Behind the headlines about health crises, poverty and conflict, there is another under-told story about Africa. It is a more positive story about nations on the rise, about burgeoning democracies and about tremendous potential for long-term economic growth.

Working in partnership with African countries and businesses, U.S. and Minnesota companies and citizens can contribute to that more positive story.

As Joshua Meltzer, a senior fellow at the Brookings Institution, pointed out earlier this year before the Federal Trade Commission, an important way to support opportunity and growth in Africa is "through increasing African engagement with the international economy through increased participation in international trade."

After record growth of 5 to 7 percent over the past decade, sub-Saharan African economic growth fell to 3.5 percent in 2015 and 3 percent last year.

Meltzer noted that U.S. trade with Africa has been underdeveloped and on the decrease in recent years.

But there is reason to be hopeful. The International Monetary Fund says, "We remain optimistic about the region's medium-term growth prospects. For one … even the current growth picture is highly varied across countries. Second, and perhaps more important, the underlying drivers of growth over the medium term [including favorable demographics] remain in place."

Lower oil and mineral exports meant some African countries were buying less from the U.S. But Minnesota exports to Africa increased by 30 percent in 2016 over the previous year, totaling $185 million.

Growth was particularly strong in exports to Algeria, Ethiopia and Morocco.

U.S. total exports totaled $22.3 billion, down from $27.1 billion the previous year.

Such Minnesota companies as Cargill, General Mills, 3M, Medtronic and Donaldson continue to invest in Africa.

What they and other firms see is what former President Obama said was the "world's next major economic success story," one that offered great opportunities for American business.

The countries of Africa have a huge and youthful workforce, an increasing middle class, a developing financial services network based in part on mobile phone technology and abundant natural resources.

But business and government leaders understand that business investment alone will not have a significant impact on Africa's success. It will take a combination of the work of NGOs such as St. Paul-based Books For Africa and US AID support for developing countries, whose funding faces possible severe cuts.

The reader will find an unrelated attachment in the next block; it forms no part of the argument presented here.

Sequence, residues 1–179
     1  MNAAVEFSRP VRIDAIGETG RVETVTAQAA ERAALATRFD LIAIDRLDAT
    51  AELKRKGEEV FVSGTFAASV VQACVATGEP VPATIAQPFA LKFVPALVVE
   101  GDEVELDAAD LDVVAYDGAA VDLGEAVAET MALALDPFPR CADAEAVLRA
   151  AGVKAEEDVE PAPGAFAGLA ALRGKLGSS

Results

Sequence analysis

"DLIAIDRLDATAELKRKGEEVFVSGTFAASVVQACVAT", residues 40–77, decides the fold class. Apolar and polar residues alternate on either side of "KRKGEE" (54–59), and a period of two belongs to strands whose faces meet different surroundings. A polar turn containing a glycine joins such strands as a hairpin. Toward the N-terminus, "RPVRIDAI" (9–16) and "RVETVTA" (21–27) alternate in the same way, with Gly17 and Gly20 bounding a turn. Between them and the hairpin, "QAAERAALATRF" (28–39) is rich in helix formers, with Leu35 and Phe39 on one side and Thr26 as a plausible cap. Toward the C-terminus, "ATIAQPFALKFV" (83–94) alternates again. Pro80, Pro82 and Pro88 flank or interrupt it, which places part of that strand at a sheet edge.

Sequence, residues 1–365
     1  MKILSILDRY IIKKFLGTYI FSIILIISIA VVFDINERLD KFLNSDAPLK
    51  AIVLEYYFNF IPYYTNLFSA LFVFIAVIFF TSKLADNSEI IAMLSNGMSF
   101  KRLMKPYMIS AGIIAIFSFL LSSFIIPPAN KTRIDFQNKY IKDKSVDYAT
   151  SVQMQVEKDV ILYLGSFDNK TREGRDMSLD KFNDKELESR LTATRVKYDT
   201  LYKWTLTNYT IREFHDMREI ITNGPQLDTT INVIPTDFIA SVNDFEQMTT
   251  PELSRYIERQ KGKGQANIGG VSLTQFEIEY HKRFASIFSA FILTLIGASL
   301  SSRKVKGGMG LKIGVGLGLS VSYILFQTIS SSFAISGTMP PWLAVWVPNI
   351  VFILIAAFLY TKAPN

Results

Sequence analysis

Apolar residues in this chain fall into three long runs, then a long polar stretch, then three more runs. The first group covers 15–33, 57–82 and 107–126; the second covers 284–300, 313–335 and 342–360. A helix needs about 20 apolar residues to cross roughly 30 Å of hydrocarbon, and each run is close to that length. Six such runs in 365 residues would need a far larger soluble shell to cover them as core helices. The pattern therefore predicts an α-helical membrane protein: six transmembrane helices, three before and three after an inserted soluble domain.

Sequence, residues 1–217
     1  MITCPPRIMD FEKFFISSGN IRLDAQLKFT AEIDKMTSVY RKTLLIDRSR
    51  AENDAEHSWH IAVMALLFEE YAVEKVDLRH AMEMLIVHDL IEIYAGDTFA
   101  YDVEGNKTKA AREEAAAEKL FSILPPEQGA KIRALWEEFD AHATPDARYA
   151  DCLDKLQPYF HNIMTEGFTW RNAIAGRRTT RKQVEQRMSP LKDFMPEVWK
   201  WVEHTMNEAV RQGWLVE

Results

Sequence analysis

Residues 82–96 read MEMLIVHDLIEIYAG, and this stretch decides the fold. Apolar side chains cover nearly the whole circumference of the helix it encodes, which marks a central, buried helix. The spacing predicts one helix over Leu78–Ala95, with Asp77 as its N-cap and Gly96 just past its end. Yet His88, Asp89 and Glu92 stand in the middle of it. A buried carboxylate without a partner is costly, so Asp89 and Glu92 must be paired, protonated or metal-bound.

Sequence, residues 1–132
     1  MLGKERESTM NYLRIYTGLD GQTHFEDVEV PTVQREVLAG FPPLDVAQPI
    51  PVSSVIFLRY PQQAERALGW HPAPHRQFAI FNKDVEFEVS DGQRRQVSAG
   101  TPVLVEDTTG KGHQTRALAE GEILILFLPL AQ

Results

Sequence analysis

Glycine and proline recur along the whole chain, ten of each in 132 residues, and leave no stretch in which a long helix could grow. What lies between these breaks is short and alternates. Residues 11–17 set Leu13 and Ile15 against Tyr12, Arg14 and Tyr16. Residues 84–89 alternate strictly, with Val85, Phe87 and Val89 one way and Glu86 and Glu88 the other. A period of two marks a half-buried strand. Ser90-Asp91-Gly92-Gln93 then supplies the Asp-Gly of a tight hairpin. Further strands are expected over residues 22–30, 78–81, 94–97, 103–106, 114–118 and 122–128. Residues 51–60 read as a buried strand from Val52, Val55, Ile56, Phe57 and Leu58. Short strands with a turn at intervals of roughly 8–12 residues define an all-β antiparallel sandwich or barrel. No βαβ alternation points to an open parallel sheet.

Since 1988 BFA has shipped 39 million school and law books to 49 African countries. Books are critical to the education of Africa's students and future workforce.

As former U.N. Secretary General Kofi Annan and former U.S. Vice President Walter Mondale, honorary co-chairs of Books For Africa's Law and Democracy Initiative, have said: "In the 21st Century more than ever before, the natural resource that matters most is the talent of a nation's citizens. Education and literacy is the key to unlocking potential. For hundreds of millions of individuals, literacy is the bridge from misery to hope. For a society and economy, it is simply essential for sustained social and economic development."

An educated workforce leads to development of democratic states and the rule of law, which in turn fosters economic and business growth and international trade.

African trade with Minnesota was the subject of a forum on May 18 at the University of Minnesota's Carlson School of Management and hosted by the Carlson school, Books For Africa and the Minnesota Trade Office.

We participated in the discussion and were impressed by the interest of Minnesota businesses in Africa and its development.

While it is difficult to know what the new American administration's Africa policies will be at this point, Secretary of Commerce Wilbur Ross said during his confirmation hearing that the U.S. cannot afford to ignore a market the size of Africa.

Many Africans want to do business with Americans. U.S. business people just have to show up. The U.S., with the combined efforts of business leaders, NGOs and foreign aid, can have a huge positive impact on the people of Africa.

Florie Liser, the new president of the Corporate Council on Africa, correctly pointed out that "there are many challenges and opportunities that U.S. policy should address because we cannot afford to ignore the second fastest growing market in the world. Africa is undergoing the most rapid urbanization of any region."

She noted that there is discussion that the Trump administration will focus on peace, security and counterterrorism in Africa.

"There is a link between these issues and the continent's economic development," she said. We need to "lead a dialogue on the U.S. stake in greater U.S.-Africa economic engagement."

Africa is a continent full of possibilities. Companies in Minnesota and around the U.S. need to collaborate with our friends in Africa to realize our mutual vision of a stronger, more dynamic Africa contributing to global growth and prosperity.

Carlos Dos Santos is the ambassador to the U.S. from Mozambique. Jeffrey Sturchio is the chairman of the Corporate Council on Africa, based in Washington, D.C., and president and chief executive at Rabin Martin, a global health strategy consulting firm.